PARIAH, a name long adopted in European usage for the " outcastes " of India. Strictly speaking the Paraiyans are the agricultural labourer caste of the Tamil country in Madras, and are by no means the lowest of the low. The majority are ploughmen, formerly adscripti glebae, but some of them are weavers, and no less than 350 subdivisions have been distinguished. The name can be traced back to inscriptions of the 11th century, and the " Pariah poet," Tiruvalluvar, author of the famous Tamil poem, the Kurral, probably lived at about that time. The accepted derivation of the word is from the Tamil parai, the large drum of which the Paraiyans are the hereditary beaters at festivals, etc. In 1901 the total number of Paraiyans in all India was 2^ millions, almost confined to the south of Madras. In the Telugu country their place is taken by the Malas, in the Kanarese country by the Holeyas and in the Deccan by the Mahars. Some of their privileges and duties seem to show that they represent the original owners of the land, subjected by a conquering race. The Pariahs supphed a notable proportion of Chve's sepoys, and are still enlisted in the Madras sappers and miners. They have always acted as domestic servants to Europeans. That they are not deficient in intelligence is proved by the high position which some of them, when converted to Christianity, have occupied in the professions. In modern official usage the " outcastes " generally are termed Panchamas in Madras, and special efforts are made for their education.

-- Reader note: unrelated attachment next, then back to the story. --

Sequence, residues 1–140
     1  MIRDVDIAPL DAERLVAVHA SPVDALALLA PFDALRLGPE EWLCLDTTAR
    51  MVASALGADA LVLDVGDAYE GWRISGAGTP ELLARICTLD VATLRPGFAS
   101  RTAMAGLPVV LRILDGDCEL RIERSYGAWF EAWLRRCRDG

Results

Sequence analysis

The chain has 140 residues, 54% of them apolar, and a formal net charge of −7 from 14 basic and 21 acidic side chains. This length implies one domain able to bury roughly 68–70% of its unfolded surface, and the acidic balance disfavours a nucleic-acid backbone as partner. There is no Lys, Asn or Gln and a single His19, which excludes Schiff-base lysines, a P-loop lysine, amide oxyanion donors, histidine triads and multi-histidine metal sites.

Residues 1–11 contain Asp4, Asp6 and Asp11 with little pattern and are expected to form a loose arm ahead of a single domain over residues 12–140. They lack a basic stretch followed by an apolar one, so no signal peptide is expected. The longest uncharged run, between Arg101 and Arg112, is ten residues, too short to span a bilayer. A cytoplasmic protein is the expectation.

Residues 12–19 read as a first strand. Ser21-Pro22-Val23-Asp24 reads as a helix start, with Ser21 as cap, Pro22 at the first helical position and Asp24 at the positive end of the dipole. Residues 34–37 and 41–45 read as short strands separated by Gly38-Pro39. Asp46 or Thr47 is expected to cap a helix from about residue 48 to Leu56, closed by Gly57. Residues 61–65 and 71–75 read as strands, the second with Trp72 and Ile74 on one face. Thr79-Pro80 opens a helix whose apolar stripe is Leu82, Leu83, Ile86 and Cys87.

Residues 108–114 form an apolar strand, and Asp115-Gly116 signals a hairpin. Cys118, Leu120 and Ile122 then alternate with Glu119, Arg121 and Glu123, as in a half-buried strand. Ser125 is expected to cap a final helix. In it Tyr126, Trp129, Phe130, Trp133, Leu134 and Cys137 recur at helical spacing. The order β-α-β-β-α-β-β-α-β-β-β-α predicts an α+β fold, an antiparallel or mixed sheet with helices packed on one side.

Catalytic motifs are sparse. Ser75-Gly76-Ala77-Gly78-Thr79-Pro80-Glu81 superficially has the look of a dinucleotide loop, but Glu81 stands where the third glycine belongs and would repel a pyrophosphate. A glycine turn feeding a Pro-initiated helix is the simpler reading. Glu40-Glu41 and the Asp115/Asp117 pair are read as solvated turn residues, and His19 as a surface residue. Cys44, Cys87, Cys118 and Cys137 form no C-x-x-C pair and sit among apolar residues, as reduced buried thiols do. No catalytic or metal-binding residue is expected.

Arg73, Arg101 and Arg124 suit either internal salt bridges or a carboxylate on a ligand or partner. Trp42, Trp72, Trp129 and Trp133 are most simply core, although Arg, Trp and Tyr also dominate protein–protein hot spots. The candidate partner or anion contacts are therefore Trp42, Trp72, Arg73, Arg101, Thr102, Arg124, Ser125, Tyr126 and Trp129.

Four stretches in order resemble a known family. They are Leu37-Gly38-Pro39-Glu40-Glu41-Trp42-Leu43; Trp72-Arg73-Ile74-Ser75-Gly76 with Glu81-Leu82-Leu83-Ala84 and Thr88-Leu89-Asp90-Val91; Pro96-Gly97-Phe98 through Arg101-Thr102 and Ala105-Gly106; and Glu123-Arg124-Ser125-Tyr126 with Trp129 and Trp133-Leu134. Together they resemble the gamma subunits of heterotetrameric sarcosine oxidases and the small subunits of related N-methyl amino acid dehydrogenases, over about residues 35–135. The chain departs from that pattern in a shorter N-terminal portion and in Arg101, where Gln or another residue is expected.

See Caldwell, Comparative Grammar of the Dravidian Languages (pp. 540-554), and the Madras Census Reports for 1 89 1 and 1901.
Note - this article incorporates content from Encyclopaedia Britannica, Eleventh Edition, (1910-1911)